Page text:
Poetry from Rick Hartwell


He seemed to enjoy not answering greetings. Although you couldn’t really tell that from any facial expression. He seemed to enjoy leaving them in quandary as to whether he had ignored them or merely not heard them due to the noise of the street scene. Or the subway. Or the suburban cacophony of sprinklers and familial spats; of skateboarders and cyclists; of minor celebrities as they arrived home.


Most considered him reclusive. Most, if they thought of him at all, thought him rude and abrasive. Yet, he had never responded to their inquiries as to his health or state of mind, or remarked in agreement or dissent as to the quality of the weather. Still others believed him to be hard of hearing, or even fully deaf, and quite unqualified to participate in the meaningless verbal badinage of everyday discourse.


Regardless of the basis of their disdain, they all considered him to be a nonentity, not even a cipher of daily life. And the left him alone and compounded this lack of consideration by forgetting immediately each encounter. And he disappeared entirely from view.


Even after the explosion, the few survivors on the subway platform couldn’t recall seeing him. They tried for weeks, but no one could conjure a plausible reason for his explosion. He wasn’t unknown, just unremarked.




I hit a wall going from sixty-four to sixty-five. By the time I saw the wall I could name it. The wall was “Purpose” and I struck its massive bulk about two weeks into the second grading period of my seventeenth year of teaching emerging adolescents, those between eleven and fourteen years of age; the hormonally challenged, as I call them. Actually, I have taught more than seventeen years, at least four or five more in private high schools, private schools for the emotionally disturbed, and even in the US Army. On some days it would have been difficult to describe any differences among them all. I have even been a university lecturer for summer and extension writing classes.


The wall I hit, “Purpose,” had not just appeared in front of me unexpectedly. I had seen it’s shadow looming ever larger over the past two or three years. But even so, I did not brake in time. Perhaps I had slowed up just a bit, taken my foot off the accelerator, so to say, but I had not applied the brakes. I even passed up an opportunity to apply for a non-classroom position. Perhaps that would have made a difference, like the intersection accident that happens in your lane just moments after you had passed.


But what of the wall itself? What was the “Purpose,” into which I plowed nearing sixty-five? For seventeen years I had been teaching in public middle schools in Southern California. I crashed into the wall at only slightly diminished speed. Under doctor’s orders, I left the classroom. I finished the school year on accumulated sick leave, having never used a day in seventeen years, and then retired.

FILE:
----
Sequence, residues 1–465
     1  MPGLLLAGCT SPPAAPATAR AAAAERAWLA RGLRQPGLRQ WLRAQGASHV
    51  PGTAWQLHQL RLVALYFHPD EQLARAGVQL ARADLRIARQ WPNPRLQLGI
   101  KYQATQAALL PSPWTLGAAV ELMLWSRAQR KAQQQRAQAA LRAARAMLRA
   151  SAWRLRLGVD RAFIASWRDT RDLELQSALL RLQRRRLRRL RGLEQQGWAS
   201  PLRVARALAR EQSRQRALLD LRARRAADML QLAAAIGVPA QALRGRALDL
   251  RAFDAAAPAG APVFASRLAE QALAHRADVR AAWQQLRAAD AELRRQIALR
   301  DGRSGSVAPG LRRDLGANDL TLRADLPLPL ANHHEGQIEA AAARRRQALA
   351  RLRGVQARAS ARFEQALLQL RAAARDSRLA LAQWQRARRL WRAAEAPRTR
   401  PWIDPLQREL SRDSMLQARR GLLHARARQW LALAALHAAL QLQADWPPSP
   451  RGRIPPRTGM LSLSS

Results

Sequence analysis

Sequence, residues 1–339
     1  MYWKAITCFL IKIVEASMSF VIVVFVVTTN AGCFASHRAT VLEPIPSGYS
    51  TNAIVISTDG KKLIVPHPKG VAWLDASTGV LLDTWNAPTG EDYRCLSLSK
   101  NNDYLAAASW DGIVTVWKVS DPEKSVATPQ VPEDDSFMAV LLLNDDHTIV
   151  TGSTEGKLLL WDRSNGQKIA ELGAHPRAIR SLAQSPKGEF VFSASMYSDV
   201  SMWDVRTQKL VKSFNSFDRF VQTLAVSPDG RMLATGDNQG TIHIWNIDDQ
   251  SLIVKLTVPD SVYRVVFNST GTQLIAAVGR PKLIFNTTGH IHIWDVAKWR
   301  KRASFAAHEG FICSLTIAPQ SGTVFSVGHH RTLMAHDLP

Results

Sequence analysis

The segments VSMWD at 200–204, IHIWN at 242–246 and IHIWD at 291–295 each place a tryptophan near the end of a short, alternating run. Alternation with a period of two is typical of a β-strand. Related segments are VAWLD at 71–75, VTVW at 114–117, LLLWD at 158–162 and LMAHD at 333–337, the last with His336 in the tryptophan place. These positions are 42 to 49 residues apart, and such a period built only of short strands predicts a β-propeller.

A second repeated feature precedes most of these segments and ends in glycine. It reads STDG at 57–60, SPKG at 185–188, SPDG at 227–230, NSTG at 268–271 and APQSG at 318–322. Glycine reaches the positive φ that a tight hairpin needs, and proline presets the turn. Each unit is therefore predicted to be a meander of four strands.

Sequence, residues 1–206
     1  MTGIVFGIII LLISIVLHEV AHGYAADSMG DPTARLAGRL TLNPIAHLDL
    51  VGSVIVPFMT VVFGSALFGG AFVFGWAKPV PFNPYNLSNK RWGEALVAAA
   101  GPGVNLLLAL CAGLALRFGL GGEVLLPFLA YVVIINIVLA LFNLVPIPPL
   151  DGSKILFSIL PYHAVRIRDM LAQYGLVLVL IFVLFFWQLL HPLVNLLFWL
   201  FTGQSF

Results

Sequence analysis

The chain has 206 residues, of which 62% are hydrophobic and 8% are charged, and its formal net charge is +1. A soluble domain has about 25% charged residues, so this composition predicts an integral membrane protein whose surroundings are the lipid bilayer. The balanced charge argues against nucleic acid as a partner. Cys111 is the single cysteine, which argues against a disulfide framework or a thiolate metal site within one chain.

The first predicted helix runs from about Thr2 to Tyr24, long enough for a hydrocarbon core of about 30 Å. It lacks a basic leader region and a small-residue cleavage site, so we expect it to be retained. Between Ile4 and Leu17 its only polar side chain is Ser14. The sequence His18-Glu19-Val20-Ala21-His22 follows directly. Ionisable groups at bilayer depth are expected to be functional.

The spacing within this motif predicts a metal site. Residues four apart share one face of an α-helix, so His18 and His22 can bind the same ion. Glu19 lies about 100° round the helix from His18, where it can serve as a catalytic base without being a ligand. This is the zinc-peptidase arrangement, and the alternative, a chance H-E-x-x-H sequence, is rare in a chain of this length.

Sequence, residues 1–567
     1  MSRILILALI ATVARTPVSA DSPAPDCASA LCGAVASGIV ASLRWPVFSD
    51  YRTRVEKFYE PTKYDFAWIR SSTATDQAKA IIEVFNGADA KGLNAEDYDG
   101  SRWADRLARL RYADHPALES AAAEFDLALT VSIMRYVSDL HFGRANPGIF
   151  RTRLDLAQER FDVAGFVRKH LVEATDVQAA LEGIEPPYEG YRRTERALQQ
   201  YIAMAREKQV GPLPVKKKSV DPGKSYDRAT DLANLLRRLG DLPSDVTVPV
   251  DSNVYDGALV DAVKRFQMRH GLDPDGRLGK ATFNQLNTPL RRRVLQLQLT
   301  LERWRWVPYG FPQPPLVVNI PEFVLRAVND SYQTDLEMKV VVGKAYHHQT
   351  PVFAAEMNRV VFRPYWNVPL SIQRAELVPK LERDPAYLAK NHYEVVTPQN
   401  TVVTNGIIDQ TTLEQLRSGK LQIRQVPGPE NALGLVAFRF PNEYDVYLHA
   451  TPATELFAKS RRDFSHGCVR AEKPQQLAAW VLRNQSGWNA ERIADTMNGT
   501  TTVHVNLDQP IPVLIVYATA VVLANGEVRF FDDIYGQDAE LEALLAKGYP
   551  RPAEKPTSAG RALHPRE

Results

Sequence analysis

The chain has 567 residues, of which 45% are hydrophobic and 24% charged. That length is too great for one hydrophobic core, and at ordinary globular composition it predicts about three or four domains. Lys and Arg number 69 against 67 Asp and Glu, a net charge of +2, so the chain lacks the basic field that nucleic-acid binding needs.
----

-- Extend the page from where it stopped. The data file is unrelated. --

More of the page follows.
I managed to shoulder the traumatic memories of Vietnam more than forty-five years, but am finding the stress after leaving the profession of teaching nearly to be overwhelming. I wonder if other teachers have encountered this form of PTSD? And so I search for alternative service.


*     *     *


When listening to the dire economic news today and then noting a new promotional advertisement for China, it occurred to my wife and me that it is high time we position ourselves to be employed by the Chinese. Two of the best possible careers would be either laying railroad track through the vast stretches of western and northern China and, perhaps more sedentary, doing laundry in the new Chinese gold mines. Both of these appear to be likely candidates for Americans seeking Green Cards in the near future for the growth of the New China emerging into the Sun. Our counsel to all: don’t hesitate, emigrate!

Balsa Boat on the North Bay, 1955


Even in sinking

she was graceful,

marked by

no trepidation,

slipping beneath the

chop and crests,

still in flames;

a last explosion

saluted her demise,

a splintered oil slick

declared passage from

this day’s voyage

to a nether world.


No longer a

buoyant bulwark

against aggression,

she was likely to become

the basis for a reef,

providing life

instead of death;

no longer

a symbol of war

now abandoned

by all, save two,

to the peaceful depths

of the bay.


With that final

firecracker ignited,

the boys in the dinghy

pulled for shore,

threw a lighter

overboard and

continued to chew

dried glue from

their fingers;

the harbor master

bore down on them

like an enemy

patrol boat.

Richard D. Hartwell
When hate is in the seeds, you can only harvest weeds. Ernst Jünger, The Glass Bees
In joined hands there is hope; in a clenched fist, none. Victor Hugo, Toilers of the Sea
An eye for an eye only ends up making the world blind. Mohandas Gandhi, The Mahatma